With monsoon still elusive, the peak power demand in Delhi set a new record on Tuesday (July 2, 2019) as it reached 7409 MW at 3:35 PM. This is the highest ever power demand recorded in the history of the city. Interestingly, the peak power demand on Monday (July 1, 2019) had touched 7241 MW at 3:29 PM, which was also a record. The previous record of 7016 MW was set on July 10, 2018. Tuesday's peak power demand is the highest ever recorded in the history of the city.
Power supply in Delhi is provided by three distribution companies -- Tata Power Delhi Distribution Limited (TPDDL), and BSES discoms BYPL and BRPL. According to BSES, arrangements have been firmed up by them to source adequate electricity to meet the power demand of over 42 lakhs consumers. These arrangements include long term PPAs and banking arrangements with other states including Himachal Pradesh, Uttar Pradesh, Jammu & Kashmir, Meghalaya, Manipur and Sikkim.
According to an estimate by power discoms in Delhi, the peak power demand during this year was expected to touch as high as 7400 MW - an increase of over 250% over the peak power demand of 2879 MW in 2002. The peak power demand in Delhi crossed the 6000 MW for the first time in 2016 (6216 MW on July 1). In June 2019, Delhi’s peak power demand crossed 6000 MW on 24 days. Cooling load is the main reason factor behind the increase in Delhi’s power load. According to estimates, around 50% of power demand in Delhi during summers is because of the cooling load of airconditioners, coolers and fans.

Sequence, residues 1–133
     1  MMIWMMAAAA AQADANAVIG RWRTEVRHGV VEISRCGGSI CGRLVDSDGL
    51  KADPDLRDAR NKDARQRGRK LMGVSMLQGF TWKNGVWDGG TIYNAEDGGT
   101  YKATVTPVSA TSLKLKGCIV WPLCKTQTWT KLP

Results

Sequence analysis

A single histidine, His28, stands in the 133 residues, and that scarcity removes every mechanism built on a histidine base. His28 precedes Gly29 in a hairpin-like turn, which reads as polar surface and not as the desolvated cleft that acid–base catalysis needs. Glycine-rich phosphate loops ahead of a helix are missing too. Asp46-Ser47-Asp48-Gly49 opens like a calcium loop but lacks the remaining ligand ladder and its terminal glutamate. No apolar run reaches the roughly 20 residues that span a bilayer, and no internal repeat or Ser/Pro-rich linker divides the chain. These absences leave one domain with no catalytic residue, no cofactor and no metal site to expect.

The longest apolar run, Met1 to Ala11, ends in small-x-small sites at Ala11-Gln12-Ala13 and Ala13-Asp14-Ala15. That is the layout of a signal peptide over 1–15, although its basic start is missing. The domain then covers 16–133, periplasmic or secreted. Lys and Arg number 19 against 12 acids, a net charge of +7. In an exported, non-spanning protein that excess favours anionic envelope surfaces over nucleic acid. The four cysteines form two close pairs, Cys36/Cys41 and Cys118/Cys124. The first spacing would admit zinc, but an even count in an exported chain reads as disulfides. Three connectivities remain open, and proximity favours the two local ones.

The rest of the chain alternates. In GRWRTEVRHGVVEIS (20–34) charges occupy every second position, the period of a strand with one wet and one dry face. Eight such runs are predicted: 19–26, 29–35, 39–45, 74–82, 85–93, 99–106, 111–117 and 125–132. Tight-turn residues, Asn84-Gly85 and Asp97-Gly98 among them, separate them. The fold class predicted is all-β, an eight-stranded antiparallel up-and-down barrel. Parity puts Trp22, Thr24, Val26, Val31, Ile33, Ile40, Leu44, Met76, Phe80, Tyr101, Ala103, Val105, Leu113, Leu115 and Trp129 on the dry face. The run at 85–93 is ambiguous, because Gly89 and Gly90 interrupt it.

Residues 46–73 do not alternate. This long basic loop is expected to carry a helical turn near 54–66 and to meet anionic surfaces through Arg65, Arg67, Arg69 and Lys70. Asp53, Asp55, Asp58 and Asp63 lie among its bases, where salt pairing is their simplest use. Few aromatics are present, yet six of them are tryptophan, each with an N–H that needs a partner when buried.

On July 10, when the peak demand had set a new record, the BSES had said that the peak power demand this year marks an increase of over 250 per cent over the peak power demand of 2,879 MW in 2002. According to Delhi electricity distribution company (discom) BSES, the peak power demand in Delhi is substantially more than that of several cities and states. "It is more than the power demand of Mumbai and Chennai put together and thrice than that of Kolkata," BSES had said in July.
"The fact that the city`s power demand is consistently crossing the 6,500 MW mark shows the robustness of the capital`s distribution and transmission system, which has been able to measure up. This has been possible on the back of an advanced distribution network and massive reduction in AT & C (aggregate technical and commercial) losses," BSES had said in a statement.
"During the year, BSES discoms have invested heavily to further improve and augment this network by adding new grid substations, power transformers, laying new feeders, shifting overhead lines underground and setting-up new distribution transformers among others," it had added.